Also called: Mathematical Statistician, Statistical Analyst, Statistical Reporting Analyst, Statistician
Produced by CareerOneStop
Video transcript: skip transcript
Whether they’re revolutionizing baseball, winning big on Wall Street, or predicting healthcare trends, statisticians know how to turn data into useful information and tools. Statisticians design surveys and experiments to collect data and create models and algorithms that turn numbers into understandable concepts, identifiable trends and patterns, or conclusions. Startups looking to expand quickly, and well-established businesses alike need the help of statisticians to make decisions. Though they work in many fields, there are some common statistician specializations: Government statisticians monitor wages, the unemployment rate, and other important socioeconomic indicators. They analyze data and shed light on trends in the economy, the environment, pollution, and many other national and global arenas. Biostatisticians predominantly work in the healthcare industry. They may design drug studies or study how diseases spread. Clinical data managers collect data from medical research projects, analyze it for trends, and ensure that it’s kept secure and reported accurately. Corporate research and development also employs many statisticians. They may design experiments and analyze experimental data for product testing or to help inform marketing strategies for consumer goods. Most statisticians need at least a master’s degree in statistics, math, or a related field, although some entry-level jobs are available for those with a bachelor’s degree.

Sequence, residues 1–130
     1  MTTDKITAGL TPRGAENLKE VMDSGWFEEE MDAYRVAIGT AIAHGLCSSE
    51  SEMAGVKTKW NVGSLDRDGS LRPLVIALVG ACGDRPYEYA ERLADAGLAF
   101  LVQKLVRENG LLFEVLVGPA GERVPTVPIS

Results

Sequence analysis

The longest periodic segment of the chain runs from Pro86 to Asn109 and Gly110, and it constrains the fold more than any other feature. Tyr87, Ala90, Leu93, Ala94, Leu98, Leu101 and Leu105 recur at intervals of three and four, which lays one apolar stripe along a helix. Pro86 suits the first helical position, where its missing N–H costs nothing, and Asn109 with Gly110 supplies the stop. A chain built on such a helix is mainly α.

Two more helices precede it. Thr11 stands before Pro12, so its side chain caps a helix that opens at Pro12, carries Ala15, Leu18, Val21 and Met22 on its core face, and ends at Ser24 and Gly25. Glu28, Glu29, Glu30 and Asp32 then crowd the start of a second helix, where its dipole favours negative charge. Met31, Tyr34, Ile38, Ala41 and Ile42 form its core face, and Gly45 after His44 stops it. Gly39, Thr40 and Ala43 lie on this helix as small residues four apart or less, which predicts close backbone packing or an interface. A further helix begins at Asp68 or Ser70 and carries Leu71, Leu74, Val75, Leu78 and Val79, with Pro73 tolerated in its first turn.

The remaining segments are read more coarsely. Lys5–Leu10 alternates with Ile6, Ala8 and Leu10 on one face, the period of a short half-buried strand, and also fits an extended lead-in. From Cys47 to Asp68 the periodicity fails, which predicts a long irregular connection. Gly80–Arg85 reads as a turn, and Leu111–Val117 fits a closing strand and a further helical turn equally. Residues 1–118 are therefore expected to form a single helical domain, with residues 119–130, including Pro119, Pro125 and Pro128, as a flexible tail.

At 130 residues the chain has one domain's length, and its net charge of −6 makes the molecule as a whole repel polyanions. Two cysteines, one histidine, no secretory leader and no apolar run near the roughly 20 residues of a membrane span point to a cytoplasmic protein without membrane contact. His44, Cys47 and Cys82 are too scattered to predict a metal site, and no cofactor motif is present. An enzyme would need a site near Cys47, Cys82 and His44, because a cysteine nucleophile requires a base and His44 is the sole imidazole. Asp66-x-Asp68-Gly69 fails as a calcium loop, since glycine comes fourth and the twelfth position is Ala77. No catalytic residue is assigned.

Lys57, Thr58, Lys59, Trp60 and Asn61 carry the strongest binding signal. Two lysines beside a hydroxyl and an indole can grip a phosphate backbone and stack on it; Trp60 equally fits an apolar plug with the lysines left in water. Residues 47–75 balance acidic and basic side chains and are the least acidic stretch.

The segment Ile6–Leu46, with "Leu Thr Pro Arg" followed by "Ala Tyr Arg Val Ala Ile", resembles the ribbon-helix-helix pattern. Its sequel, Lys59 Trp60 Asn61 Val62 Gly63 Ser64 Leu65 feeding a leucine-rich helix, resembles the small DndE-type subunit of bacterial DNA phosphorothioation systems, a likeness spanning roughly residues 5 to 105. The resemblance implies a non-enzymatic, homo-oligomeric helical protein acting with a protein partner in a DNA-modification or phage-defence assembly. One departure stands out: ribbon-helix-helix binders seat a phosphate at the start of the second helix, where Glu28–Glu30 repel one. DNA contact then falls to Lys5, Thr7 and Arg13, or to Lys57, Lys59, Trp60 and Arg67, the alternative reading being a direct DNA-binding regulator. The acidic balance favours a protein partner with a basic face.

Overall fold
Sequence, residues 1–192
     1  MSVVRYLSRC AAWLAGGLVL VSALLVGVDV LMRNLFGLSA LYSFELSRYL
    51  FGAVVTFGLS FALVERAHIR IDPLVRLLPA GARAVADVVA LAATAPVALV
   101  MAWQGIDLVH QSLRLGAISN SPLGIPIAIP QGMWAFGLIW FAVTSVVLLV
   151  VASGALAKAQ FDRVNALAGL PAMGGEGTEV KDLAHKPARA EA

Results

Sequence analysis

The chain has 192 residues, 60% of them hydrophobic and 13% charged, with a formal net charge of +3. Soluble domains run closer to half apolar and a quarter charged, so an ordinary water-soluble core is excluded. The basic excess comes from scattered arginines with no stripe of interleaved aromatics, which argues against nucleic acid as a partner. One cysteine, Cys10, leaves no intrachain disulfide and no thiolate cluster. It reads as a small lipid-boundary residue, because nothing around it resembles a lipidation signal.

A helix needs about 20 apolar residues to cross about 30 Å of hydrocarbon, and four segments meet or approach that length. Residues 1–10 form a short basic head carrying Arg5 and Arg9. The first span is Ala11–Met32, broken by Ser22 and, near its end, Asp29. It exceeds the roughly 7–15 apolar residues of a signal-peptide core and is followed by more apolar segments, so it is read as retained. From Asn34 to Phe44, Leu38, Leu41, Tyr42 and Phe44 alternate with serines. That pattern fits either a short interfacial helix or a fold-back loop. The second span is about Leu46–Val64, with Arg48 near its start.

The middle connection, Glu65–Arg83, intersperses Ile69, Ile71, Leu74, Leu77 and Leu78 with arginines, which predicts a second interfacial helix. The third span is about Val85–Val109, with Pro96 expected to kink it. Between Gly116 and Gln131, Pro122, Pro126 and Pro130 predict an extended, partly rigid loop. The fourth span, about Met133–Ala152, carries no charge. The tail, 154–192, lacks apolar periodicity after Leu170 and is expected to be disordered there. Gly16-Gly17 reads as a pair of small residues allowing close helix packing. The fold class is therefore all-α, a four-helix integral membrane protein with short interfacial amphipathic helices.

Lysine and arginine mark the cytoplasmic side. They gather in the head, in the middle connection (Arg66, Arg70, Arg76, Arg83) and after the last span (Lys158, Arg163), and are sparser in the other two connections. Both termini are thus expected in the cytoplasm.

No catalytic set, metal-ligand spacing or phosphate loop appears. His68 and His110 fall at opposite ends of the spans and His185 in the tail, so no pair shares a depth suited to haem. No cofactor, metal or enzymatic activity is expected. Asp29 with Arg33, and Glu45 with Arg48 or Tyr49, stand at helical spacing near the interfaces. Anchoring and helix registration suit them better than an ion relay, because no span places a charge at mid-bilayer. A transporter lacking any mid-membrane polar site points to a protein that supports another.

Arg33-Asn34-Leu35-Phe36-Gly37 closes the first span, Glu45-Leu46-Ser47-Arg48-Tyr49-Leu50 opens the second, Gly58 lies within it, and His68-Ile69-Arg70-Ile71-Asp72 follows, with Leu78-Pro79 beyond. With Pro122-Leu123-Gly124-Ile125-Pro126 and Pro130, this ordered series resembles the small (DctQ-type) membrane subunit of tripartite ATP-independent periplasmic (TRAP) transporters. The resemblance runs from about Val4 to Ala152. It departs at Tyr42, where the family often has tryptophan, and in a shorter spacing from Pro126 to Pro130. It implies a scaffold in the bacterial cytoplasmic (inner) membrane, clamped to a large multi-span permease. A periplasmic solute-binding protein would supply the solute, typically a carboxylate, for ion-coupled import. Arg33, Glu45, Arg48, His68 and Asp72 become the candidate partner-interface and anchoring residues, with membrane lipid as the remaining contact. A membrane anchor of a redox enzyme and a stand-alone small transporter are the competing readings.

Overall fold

What they do:Develop or apply mathematical or statistical theory and methods to collect, organize, interpret, and summarize numerical data to provide usable information. May specialize in fields such as biostatistics, agricultural statistics, business statistics, or economic statistics. Includes mathematical and survey statisticians.
On the job, you would:
- Analyze and interpret statistical data to identify significant differences in relationships among sources of information.
- Identify relationships and trends in data, as well as any factors that could affect the results of research.
- Determine whether statistical methods are appropriate, based on user needs or research questions of interest.
Math and Science
- arithmetic, algebra, geometry, calculus, or statistics
Arts and Humanities
- English language
Engineering and Technology
- computers and electronics
- using math to solve problems
- thinking about the pros and cons of different ways to solve a problem
- noticing a problem and figuring out the best way to solve it
People and Technology Systems
- thinking about the pros and cons of different options and picking the best one
- figuring out how a system should work and how changes in the future will affect it
- choose the right type of math to solve a problem
- add, subtract, multiply, or divide
- communicate by speaking
- communicate by writing
Ideas and Logic
- make general rules or come up with answers from lots of detailed information
- use rules to solve problems
- see hidden patterns
People interested in this work like activities that include data, detail, and regular routines.
They do well at jobs that need:
- Analytical Thinking
- Attention to Detail
You might use software like this on the job:
Analytical or scientific software
Object or component oriented development software